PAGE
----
My college experiences, which were roughly at the same time as Horowitz's, pretty much mirrored his experiences. What is interesting is that I thought I was a liberal when I went to college but they made a tried and true conservative out of me by the time I left - even though nearly every professor I had skewed hard left. The more they talked and the more I learned, the less sense they made - go figure.

I must add thought that the only professor I ever formally complained about was a VERY hard right winger. I just couldn't take half of my 3 hour computer programming course being taken up with his fundamentalist Biblical rantings...
posted by RevGreg at 4:58 PM on September 10, 2002


Peace Studies as presently constituted is not about understanding peace and peacemaking as a thing in itself, but about showing that the United States is an evil imperialist and that military force (unless exerted by the short and dark) is morally invalid.

Peace studies is far from my schtick, so I mostly see it in job-talks, but all of the talks I've seen from peace-studies types have been normal boring social science. Mostly things like event-history stuff on when wars stop and how long peaces last, correlates of successful peacekeeping ops, and the like.
posted by ROU_Xenophobe at 11:29 PM on September 10, 2002


What's the old saying.... "Those who can't DO, teach"

That statement reveals very little knowledge about what it takes to be a professor at a major university. What's the old saying... "publish or perish"?

Most of the research in hard science in this country gets done at the university level.

Geez.
posted by Hildago at 11:53 PM on September 10, 2002


Another snarky and unnecessary comment that accomplishes absolutely nothing, except to make the poster feel better about themselves.

You are right, I do feel better.

That statement reveals very little knowledge about what it takes to be a professor at a major university.

Compared to what it takes to make it in the real world? Yeah all those TAs, whew, that amount of work it takes to get there.

Most of the research in hard science in this country gets done at the university level.

False. Most is done at research labs paid for by corporate dollars, that goes towards products that the corporation can sell.
posted by Steve_at_Linnwood at 12:39 AM on September 11, 2002


Compared to what it takes to make it in the real world? Yeah all those TAs, whew, that amount of work it takes to get there.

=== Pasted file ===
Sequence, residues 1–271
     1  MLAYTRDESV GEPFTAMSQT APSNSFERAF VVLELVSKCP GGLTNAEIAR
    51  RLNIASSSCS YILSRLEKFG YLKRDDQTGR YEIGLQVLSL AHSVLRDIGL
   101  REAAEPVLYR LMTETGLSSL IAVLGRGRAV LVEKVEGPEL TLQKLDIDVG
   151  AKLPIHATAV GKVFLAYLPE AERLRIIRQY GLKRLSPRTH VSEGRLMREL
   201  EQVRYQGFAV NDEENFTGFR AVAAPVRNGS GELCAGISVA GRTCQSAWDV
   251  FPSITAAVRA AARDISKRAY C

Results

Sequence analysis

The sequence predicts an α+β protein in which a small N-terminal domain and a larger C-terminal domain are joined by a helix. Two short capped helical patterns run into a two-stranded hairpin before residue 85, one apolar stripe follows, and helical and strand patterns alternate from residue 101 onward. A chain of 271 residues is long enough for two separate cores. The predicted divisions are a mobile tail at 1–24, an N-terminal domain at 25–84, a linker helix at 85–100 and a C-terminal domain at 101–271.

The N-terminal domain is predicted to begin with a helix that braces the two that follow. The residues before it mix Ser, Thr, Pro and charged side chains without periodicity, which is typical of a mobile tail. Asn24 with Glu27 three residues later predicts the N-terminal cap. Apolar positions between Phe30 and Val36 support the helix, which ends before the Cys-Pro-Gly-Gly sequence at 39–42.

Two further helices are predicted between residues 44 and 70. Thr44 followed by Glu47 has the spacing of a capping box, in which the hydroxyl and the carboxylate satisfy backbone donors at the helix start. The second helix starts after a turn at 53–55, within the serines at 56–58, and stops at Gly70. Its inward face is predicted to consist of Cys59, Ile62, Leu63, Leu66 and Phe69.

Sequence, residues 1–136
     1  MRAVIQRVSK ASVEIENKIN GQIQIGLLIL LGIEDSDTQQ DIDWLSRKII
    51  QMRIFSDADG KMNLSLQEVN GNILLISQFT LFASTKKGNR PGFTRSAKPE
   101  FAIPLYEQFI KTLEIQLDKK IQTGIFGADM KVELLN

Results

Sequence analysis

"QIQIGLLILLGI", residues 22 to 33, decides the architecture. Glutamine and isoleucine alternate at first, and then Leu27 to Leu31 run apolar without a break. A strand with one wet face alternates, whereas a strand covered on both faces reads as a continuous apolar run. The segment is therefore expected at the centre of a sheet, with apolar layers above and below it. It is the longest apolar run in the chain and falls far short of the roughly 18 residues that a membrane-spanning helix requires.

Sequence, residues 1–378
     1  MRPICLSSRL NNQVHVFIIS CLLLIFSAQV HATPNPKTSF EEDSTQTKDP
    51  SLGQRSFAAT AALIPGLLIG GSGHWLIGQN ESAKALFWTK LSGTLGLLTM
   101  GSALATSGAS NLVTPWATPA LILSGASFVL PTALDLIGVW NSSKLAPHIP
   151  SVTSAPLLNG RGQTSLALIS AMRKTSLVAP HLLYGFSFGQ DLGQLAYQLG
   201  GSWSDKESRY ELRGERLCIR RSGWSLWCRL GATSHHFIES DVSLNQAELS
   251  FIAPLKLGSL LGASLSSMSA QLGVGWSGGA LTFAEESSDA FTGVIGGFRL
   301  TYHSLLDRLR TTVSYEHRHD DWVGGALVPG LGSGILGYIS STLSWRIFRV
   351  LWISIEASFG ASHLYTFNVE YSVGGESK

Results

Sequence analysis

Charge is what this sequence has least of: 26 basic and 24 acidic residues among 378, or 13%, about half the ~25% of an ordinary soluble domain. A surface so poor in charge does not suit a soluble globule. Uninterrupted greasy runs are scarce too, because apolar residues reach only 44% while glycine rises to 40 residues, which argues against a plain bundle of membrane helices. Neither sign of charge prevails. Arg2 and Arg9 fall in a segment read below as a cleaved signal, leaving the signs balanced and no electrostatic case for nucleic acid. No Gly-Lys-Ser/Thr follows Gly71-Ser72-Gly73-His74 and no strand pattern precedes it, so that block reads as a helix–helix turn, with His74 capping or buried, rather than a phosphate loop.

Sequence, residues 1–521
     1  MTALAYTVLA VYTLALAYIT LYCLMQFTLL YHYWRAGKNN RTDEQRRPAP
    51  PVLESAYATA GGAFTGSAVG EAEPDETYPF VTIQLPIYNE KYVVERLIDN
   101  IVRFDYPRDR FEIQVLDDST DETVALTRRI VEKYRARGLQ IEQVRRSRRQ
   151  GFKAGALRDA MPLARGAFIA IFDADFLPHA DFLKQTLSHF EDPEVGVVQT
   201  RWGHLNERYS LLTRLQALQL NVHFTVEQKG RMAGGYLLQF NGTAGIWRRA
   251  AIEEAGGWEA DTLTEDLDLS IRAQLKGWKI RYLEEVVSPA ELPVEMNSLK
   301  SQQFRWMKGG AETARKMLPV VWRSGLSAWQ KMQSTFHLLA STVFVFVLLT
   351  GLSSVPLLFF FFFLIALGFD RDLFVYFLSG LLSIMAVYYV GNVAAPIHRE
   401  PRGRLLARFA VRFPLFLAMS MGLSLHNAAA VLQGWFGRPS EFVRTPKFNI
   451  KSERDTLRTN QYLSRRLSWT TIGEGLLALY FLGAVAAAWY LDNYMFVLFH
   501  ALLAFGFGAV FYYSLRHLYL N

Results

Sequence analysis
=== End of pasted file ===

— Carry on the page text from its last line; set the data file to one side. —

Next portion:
Most of us don't have TAs. If I've got 80 students, I grade them. Meanwhile, I'd like to live in the real world, but teaching, administrative and research responsibilities mean that I effectively have no life outside of my work.
posted by thomas j wise at 9:07 AM on September 11, 2002


Compared to what it takes to make it in the real world?

Yup, compared to what it takes to make it in the real world. I've known people who left academia for the private sector, and without fail "what it takes to make it in the real world" is a smaller and less rigorous skill set and a willingness to put up with (more) random bullshit from on high. Case in point, I know one guy who left academia to work in the analysis side of a large company who'd been running simple regressions of their earnings to, oddly enough, figure out how to make more money. He got to introduce them to the amazing, mysterious world of... interactive effects. That they hadn't heard of this before -- in a setting where they already had a stable of SAS or Stata coders -- is, well, chilling. His complaints have been that the work is too easy to be interesting and that even though there's no possible way to usefully spend a whole day there, they insist on his being there 8+ hours/day in coat and tie because, well, because.

Yeah all those TAs, whew, that amount of work it takes to get there.

TA's are nice when you have 125+ students, but they don't help you with research, which is most likely where your time and real skills are.
posted by ROU_Xenophobe at 11:11 AM on September 11, 2002


TJW--I'm flattered that you're shocked. Thanks for the link. That's a marvelous collection of Victoriana Delaware has, isn't it? Yes, I've done a bit of bibliography in the past and I'm a great fan of the period ca. 1870-1900, but I hope you won't hold that against me.

My problem is bad motivations and bad conduct, which is so institutionally bred in the bone that there may be no saving the departments.

MattD--You don't really mean that, do you? Oh, you do? Nevermind then, I feel the same way about most MBA programs.
posted by octobersurprise at 8:27 AM on September 12, 2002


Most is done at research labs paid for by corporate dollars, that goes towards products that the corporation can sell.

That's quantifiable bullshit, by the way. Of course, you can quibble that the only 'proper' research is stuff that brings products to market, as that appears to be your mindset; but that would just show that you have the same appreciation towards research that the captain of the Titanic had towards icebergs.
posted by riviera at 8:34 AM on September 12, 2002


same appreciation towards research that the captain of the Titanic had towards icebergs

Wow, if anything is unfounded, that is.
posted by Steve_at_Linnwood at 10:57 AM on September 12, 2002